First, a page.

The Welsh Government’s available funding for electrical repairs is woefully inadequate for some of the most vulnerable citizens in Wales, a Charity is warning.
A new report published by consumer safety charity Electrical Safety First highlights how only £139 is potentially available per terraced household in the South Wales area for electrical safety improvements from current grants[i]. This is despite the area seeing an increasing trend in electrical distribution fires[ii]. Terraced houses are considered at greater risk of spreading fires due to shared attic spaces, and are particularly concentrated in South Wales.
Furthermore, the Charity estimates that this figure is as low as £70 per property for all housing types when looked at across the whole of Wales[iii]. This is a problem for the vulnerable, low income homeowners who would be unable to afford the often steep costs of necessary electrical work.
According to the Welsh Government, between 1 and 2% of homes in Wales are at a significantly higher than average or extreme electrical safety risk – a figure the charity estimates to be up to 27,000 properties[iv].
As well as the scale of the problem, examples from the report also demonstrate the complexity and slow pace of the process by which funding is acquired to ensure the safety of owner-occupied properties.
The findings come as data shows electrical distribution fires have continued to rise in the last 15 years in Wales[v] - many of these fires were attributed to fuse boxes or old and defective wiring.
The Charity believes the age of housing stock in Wales may play a part in deteriorating electrics in these properties. According to Government analysis, housing constructed before 1919 is at greater risk of fire. In Wales, 26% of housing was built before this time, considerably higher than in Scotland where this is 20% and England where the proportion is 21.2%[vi]. The report also voices concerns about the significant number of inter-connected terraced houses in Wales sharing open attic spaces, which can easily allow fires to spread.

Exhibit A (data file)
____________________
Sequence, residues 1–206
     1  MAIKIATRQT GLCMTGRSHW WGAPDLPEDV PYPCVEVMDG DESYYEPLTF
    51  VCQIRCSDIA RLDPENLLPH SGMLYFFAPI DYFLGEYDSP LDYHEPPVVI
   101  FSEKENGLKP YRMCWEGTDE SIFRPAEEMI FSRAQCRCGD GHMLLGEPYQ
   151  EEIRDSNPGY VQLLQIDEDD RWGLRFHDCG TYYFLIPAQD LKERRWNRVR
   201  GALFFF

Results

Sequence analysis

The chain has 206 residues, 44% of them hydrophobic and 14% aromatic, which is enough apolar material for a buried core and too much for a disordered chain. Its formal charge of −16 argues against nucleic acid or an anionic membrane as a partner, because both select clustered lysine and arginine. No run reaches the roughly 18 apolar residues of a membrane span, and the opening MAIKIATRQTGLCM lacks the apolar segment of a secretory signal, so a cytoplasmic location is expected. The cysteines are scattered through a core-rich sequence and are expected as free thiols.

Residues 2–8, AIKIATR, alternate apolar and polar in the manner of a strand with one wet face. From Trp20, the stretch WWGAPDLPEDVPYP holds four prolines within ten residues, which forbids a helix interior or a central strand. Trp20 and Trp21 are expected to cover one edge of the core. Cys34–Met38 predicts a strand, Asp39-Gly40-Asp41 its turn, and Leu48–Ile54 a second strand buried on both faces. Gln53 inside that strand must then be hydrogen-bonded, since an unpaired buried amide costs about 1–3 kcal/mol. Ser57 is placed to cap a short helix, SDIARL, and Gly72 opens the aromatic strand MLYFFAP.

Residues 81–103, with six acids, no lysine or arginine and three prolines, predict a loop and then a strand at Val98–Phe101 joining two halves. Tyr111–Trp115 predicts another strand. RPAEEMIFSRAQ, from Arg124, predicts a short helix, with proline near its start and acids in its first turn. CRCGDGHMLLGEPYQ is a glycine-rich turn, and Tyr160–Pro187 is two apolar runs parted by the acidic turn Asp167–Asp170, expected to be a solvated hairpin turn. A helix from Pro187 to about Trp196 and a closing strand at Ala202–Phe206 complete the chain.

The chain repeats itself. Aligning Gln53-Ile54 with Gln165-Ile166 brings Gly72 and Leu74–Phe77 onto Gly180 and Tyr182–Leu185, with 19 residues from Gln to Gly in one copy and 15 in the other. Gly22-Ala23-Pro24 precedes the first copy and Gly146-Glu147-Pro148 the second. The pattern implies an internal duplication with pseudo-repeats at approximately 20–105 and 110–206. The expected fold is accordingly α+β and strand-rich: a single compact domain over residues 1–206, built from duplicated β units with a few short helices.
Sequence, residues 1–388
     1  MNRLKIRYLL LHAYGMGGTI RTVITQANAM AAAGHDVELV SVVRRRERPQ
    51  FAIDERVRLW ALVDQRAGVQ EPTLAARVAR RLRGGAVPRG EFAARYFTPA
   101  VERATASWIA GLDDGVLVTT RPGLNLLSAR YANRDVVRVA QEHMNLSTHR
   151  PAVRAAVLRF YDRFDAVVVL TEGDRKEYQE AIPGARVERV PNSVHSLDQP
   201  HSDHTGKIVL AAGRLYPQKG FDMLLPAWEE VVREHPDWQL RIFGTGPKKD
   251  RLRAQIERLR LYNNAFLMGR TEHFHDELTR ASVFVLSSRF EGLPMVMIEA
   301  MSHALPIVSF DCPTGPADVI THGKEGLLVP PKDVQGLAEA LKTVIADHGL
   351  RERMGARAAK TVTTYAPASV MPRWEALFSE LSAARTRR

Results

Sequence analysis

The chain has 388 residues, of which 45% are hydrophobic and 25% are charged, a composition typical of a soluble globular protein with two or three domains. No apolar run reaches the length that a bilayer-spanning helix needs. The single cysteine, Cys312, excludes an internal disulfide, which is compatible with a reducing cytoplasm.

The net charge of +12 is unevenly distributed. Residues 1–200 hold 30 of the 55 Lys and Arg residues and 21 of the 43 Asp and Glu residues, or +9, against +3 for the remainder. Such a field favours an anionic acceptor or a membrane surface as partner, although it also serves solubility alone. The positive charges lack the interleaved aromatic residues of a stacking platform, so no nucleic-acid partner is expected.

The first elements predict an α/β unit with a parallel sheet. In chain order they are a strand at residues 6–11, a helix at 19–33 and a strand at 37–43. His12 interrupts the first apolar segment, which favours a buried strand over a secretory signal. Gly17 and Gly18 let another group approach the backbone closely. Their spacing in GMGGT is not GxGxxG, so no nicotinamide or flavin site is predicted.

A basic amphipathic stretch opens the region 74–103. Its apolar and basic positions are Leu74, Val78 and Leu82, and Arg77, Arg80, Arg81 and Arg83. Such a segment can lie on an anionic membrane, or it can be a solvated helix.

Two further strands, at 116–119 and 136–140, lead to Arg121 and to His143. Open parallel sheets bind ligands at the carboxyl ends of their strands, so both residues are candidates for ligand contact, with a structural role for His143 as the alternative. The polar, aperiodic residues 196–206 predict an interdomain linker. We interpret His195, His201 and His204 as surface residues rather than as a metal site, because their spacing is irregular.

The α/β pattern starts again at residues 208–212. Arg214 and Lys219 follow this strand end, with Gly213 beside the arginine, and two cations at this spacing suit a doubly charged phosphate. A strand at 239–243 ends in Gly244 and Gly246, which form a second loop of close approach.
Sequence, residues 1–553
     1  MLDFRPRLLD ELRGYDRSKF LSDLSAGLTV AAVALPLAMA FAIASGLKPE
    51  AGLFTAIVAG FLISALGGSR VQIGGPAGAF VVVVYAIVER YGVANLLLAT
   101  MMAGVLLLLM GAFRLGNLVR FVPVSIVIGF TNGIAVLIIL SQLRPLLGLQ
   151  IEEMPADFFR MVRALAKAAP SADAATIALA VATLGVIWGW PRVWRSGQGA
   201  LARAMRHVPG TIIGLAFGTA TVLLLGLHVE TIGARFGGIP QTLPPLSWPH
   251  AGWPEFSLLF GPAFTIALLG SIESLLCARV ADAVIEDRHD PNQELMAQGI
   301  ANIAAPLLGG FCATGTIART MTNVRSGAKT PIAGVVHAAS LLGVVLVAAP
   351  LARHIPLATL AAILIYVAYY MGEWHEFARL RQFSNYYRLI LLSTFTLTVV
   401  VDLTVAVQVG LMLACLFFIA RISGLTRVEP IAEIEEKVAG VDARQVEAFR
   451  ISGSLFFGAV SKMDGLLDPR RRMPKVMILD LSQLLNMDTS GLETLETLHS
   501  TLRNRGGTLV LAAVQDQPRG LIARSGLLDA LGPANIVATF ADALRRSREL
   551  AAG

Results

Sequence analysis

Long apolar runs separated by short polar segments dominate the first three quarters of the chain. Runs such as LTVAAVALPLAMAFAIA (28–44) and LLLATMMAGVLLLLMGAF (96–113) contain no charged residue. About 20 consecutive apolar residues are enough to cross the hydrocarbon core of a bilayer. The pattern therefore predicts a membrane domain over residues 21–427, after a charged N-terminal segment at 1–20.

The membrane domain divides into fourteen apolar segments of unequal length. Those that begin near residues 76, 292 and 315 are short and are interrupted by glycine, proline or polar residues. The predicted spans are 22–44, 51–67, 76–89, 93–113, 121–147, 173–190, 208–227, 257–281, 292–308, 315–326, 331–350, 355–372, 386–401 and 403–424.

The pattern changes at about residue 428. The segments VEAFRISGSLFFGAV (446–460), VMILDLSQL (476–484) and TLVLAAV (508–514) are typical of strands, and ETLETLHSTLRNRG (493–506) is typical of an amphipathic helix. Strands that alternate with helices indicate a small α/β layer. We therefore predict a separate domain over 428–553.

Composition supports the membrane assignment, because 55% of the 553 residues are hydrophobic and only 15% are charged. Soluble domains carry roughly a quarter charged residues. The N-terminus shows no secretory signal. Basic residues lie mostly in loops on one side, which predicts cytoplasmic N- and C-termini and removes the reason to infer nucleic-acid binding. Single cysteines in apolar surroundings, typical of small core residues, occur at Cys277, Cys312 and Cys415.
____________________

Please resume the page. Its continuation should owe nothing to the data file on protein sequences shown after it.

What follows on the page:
A separate survey conducted by YouGov on behalf of Electrical Safety First found that worryingly, when asked to imagine if their home needed to be re-wired, just 51% of Welsh homeowners believe they’d be able to afford the £4,000 cost. Moreover, 81% believe that vulnerable residents should be given electrical safety checks for free – relevant, as 13% of all Welsh adults said they haven’t had the electrical wiring in their home checked by a professional in over 10 years.[vii]
Electrical Safety First has worked in partnership with Care and Repair Cymru since 2015. The organisation has distributed funds from the Charity to older, vulnerable people across Wales allowing them to keep their homes safe. The Charity now believes it is time for the Welsh Government to commit its own, dedicated fund to tackle electrical repairs across Wales for those who cannot afford them.
Catherine, age 62, owner occupier, lives alone: “I started to notice the lean-to at the back of my home, in which my washing machine is stored, was in bad shape and letting water in when it rained which I worried could damage the electrics. The wires and extension leads running to the kitchen were getting wet. I live on my own and have fibromyalgia as well as a few other health problems so if something were to happen, I’d be in a very vulnerable position.